Preparing for unexpected incidents

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By Larry Asher Gulliford

After an unpredicted crisis such as the events of Sept. 11th, questions arise about whether more could have or should have been done to prevent the incident or alleviate the severity of the occurrence. Increasingly in American institutions and organizations, priority has been placed on the evaluation of emergency procedures such as where to and how to evacuate.

Glendale Community College is no different. The campus evacuation procedures and the availability of this information are issues that are of importantance to students, faculty and staff. In the event that a campus-wide evacuation was necessary, what are the evacuation procedures and specifically where would people be evacuated to?

General evacuation information is readily accessible to all.

“Every telephone on campus in offices or in classrooms has a (red and white spiral bound) quick reference emergency guide,” says Debra Palok, campus safety director.

The same information available on the College Safety website states that “when evacuation is necessary, a general alarm will be activated and all persons must leave classrooms and offices and remain at least 50 feet from any building.” It asks “that people do not evacuate to, or congregate in parking lots” since these will provide routes for emergency vehicles.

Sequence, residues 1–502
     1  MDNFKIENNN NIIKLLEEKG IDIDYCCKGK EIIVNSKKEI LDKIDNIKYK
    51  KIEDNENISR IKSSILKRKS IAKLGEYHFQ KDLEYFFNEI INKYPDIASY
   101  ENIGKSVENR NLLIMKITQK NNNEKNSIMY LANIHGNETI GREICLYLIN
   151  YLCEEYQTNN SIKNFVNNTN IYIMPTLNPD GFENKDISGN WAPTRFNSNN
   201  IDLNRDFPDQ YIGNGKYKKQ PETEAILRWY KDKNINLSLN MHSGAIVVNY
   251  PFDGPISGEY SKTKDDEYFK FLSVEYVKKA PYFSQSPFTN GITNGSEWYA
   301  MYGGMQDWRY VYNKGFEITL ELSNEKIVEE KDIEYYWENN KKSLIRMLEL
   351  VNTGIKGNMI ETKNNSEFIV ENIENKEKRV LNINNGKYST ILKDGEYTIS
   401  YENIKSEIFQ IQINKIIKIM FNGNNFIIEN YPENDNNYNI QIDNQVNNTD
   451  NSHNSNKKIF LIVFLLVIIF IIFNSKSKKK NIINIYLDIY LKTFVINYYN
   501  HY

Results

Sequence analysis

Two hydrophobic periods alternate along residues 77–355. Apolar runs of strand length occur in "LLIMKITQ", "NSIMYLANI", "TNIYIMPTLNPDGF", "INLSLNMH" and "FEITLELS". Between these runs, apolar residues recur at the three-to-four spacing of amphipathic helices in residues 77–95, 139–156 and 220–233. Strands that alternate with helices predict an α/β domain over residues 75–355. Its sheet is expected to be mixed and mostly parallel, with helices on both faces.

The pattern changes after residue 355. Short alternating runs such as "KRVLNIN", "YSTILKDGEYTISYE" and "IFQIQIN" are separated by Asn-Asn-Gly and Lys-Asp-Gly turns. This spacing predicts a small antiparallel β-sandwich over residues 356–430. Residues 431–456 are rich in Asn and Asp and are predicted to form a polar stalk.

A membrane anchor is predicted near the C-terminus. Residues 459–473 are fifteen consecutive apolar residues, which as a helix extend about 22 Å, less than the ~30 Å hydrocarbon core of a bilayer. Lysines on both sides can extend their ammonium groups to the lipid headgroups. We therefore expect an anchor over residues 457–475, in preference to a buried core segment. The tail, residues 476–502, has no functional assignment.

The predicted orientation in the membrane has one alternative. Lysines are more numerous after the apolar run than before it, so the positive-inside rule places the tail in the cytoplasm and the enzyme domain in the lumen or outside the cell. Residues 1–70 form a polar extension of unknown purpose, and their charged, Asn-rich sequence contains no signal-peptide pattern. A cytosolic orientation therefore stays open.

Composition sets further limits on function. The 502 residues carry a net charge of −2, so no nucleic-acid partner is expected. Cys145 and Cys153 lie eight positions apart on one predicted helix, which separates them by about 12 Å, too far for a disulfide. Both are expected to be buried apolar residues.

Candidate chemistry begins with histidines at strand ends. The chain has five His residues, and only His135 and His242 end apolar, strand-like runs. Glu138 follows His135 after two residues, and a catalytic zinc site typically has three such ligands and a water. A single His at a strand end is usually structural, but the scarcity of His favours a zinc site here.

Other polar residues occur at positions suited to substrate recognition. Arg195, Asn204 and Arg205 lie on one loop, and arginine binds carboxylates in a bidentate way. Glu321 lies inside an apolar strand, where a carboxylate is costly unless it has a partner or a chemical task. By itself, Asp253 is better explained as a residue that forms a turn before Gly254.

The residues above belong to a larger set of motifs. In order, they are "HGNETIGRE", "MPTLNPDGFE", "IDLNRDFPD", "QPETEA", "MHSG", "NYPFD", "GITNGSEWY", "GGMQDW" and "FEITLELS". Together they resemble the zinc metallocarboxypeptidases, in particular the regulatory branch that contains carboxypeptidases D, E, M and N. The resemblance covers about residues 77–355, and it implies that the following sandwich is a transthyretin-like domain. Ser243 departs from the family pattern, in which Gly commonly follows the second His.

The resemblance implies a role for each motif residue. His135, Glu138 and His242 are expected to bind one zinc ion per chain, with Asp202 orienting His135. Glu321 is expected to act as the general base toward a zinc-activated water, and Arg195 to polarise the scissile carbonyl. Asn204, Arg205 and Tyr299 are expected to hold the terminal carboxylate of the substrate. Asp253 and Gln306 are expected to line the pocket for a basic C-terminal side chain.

If an emergency occurred on campus of a scale large enough to require the “mass evacuation of the entire campus or many buildings, then people would be congregating in the (football) stadium”,says Palok. The stadium has been designated by the GCC Safety Department as a college Evacuation Center. However, this information has not yet been made publicly available in the quick reference guide or on the GCC website. A 32 page GCC Emergency Response Plan which is available upon request makes the only written mention of the evacuation sites. Palok suggested that there are plans to put larger sections of the Emergency Response Plan on the College Safety website.

“The information we have on our website it’s good information but possibly people want more information,” acknowledged Regis Della-Calce, director of college business services. Because of time concerns, Della-Calce says that taking time in classes to review evacuation procedures is difficult and inconvenient, so “to have a campus safety day,” may be the best way for students to learn more about emergency procedures.